These support structures will allow employees to stay in contact with colleagues from their home country and give workers easy access to support and advice. Equally, it enables organisations to track the well-being of their employees and make necessary adjustments to support workers with any relocation struggles, which could otherwise lead to the employee withdrawing from the overseas assignment.
2.Difficulty adjusting to a new environment
Adjusting to a new environment takes time, but integration into a new society is important for expats’ well-being and life satisfaction. In circumstances where organisations have not put any training or resources in place to help employees and their families adjust to their new location, expatriate failure is far more likely.
Expatriate training is essential and according to a report by KPMG, only 38% of organisations with a remote global workforce provide services throughout the relocation process, such as offering cultural training for employees and their families. Lack of support in this area could result in misaligned expectations of what an overseas assignment entails.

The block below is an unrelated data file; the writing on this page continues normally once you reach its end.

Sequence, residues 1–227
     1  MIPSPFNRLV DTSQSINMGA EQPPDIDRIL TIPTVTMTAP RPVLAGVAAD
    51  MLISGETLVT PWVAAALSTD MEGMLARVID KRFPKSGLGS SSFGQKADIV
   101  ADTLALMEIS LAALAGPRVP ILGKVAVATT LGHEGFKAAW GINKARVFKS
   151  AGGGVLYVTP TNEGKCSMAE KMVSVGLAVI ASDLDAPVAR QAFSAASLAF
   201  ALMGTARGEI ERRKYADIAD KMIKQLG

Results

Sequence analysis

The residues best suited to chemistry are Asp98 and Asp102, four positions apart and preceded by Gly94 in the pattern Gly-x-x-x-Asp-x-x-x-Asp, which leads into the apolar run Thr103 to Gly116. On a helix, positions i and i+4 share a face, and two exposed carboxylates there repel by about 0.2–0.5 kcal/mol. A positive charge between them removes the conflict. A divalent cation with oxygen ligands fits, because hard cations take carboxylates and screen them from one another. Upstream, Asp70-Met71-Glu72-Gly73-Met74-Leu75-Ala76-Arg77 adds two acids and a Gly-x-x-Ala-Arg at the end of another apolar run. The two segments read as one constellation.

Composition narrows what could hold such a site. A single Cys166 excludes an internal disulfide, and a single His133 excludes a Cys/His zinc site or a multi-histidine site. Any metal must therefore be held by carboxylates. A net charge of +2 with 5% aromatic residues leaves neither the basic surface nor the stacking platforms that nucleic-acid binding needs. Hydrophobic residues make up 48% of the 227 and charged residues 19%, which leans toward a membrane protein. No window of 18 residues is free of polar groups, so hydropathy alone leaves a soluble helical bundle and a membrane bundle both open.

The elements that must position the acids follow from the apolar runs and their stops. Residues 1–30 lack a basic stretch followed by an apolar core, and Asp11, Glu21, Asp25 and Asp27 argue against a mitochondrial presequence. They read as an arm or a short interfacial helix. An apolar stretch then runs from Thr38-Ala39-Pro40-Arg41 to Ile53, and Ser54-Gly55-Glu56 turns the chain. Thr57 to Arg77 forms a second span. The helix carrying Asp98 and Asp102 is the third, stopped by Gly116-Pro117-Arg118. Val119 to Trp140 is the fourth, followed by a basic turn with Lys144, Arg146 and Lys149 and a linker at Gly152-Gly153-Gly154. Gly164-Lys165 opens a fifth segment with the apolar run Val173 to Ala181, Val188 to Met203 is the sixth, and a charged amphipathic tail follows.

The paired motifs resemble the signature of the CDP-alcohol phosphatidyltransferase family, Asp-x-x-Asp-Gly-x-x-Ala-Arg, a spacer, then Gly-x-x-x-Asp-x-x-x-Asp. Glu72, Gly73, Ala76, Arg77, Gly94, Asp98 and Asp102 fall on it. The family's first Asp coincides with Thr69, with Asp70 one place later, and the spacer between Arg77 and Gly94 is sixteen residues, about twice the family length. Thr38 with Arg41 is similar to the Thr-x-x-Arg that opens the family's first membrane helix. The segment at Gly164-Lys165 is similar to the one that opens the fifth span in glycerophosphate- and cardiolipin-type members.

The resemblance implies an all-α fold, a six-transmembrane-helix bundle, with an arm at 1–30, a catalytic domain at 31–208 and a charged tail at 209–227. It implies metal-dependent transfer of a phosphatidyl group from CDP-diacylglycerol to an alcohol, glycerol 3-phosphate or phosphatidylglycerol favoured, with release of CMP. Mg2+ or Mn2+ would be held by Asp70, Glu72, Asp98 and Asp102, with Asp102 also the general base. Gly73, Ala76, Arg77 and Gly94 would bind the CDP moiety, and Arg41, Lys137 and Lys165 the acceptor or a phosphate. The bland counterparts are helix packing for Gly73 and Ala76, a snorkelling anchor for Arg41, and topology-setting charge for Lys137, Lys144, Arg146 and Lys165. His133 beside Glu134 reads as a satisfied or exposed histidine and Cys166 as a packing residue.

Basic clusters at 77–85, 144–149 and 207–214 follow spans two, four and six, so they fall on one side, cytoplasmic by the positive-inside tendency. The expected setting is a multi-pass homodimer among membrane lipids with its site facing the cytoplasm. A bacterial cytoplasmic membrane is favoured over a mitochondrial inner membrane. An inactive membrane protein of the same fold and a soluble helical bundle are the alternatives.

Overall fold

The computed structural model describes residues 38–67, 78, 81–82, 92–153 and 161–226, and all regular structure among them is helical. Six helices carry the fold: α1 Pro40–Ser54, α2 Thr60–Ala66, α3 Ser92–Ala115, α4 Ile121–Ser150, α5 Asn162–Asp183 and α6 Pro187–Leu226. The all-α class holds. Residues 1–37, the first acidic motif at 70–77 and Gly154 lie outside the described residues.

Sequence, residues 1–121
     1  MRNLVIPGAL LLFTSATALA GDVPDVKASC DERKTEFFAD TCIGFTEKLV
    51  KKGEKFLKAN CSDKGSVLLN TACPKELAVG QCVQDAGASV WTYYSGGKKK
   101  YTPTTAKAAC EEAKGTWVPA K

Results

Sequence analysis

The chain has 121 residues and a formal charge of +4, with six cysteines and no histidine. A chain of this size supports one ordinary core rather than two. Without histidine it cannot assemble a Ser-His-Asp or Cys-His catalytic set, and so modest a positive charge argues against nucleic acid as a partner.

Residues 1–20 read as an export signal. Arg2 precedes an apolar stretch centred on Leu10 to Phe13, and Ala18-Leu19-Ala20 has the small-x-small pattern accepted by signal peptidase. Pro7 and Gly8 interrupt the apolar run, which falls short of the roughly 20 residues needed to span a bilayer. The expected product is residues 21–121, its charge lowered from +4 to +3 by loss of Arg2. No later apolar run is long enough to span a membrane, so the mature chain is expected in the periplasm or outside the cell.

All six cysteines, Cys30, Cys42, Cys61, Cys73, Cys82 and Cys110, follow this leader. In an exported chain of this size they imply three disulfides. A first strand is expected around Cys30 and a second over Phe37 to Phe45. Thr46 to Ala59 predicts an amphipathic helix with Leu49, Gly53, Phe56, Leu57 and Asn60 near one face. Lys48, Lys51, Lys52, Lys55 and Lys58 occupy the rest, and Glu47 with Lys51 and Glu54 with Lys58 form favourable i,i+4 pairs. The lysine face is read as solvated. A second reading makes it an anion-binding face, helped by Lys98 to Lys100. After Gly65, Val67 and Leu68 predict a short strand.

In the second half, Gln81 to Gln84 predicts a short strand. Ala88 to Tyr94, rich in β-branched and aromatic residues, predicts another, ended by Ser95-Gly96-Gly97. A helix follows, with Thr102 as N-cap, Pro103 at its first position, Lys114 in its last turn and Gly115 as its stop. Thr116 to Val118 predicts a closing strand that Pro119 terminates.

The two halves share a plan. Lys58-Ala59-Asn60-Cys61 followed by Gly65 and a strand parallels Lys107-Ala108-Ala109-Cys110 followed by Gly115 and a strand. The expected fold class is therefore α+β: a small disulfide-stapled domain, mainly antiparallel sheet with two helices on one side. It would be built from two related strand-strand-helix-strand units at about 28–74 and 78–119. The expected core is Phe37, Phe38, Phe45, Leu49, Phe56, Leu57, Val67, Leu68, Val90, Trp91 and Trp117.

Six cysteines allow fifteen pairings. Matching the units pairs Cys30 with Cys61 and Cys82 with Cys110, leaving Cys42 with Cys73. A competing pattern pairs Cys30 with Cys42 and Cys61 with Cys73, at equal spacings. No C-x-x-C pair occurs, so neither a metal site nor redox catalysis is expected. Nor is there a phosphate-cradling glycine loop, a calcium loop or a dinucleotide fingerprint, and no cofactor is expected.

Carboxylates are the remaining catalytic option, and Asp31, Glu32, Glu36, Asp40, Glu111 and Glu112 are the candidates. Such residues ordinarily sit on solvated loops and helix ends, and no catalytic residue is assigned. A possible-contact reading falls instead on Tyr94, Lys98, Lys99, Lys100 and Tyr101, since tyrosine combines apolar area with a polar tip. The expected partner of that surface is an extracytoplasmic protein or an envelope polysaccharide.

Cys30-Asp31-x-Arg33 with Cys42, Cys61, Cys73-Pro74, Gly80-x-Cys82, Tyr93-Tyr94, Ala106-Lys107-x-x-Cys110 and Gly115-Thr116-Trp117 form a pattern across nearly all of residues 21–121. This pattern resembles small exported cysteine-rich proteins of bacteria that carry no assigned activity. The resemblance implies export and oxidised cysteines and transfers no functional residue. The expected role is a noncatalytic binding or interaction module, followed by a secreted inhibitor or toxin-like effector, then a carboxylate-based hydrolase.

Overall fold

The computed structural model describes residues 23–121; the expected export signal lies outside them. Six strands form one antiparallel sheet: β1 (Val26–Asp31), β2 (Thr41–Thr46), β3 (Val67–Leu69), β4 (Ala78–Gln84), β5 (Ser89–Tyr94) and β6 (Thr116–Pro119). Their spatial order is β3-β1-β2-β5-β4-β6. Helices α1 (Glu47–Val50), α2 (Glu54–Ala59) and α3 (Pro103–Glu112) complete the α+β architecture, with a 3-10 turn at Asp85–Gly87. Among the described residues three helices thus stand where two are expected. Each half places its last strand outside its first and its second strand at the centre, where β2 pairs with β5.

How to overcome: Providing relocation services and training that will help expats integrate into their new lives abroad reduces the chances of social isolation, negative impacts on employee wellbeing, and global mobility projects unravelling.
Support such as cultural training, providing location-specific information about schools, doctors surgeries or public transport facilities, and access to language courses will help both the employee and their family to navigate their new lives.
3. Poor communication and planning
Poor communication and planning can determine the success of your organisation’s global mobility assignments. As cross-border workforces expand, clear and regular communication keeps all employees on track and aligned to the same goals.
In cases where international assignments are not well integrated with the wider company, they can unravel and impact the return on investment. Equally, minimal contact and lack of structure across a global remote workforce could lead to employees feeling demoralised or isolated.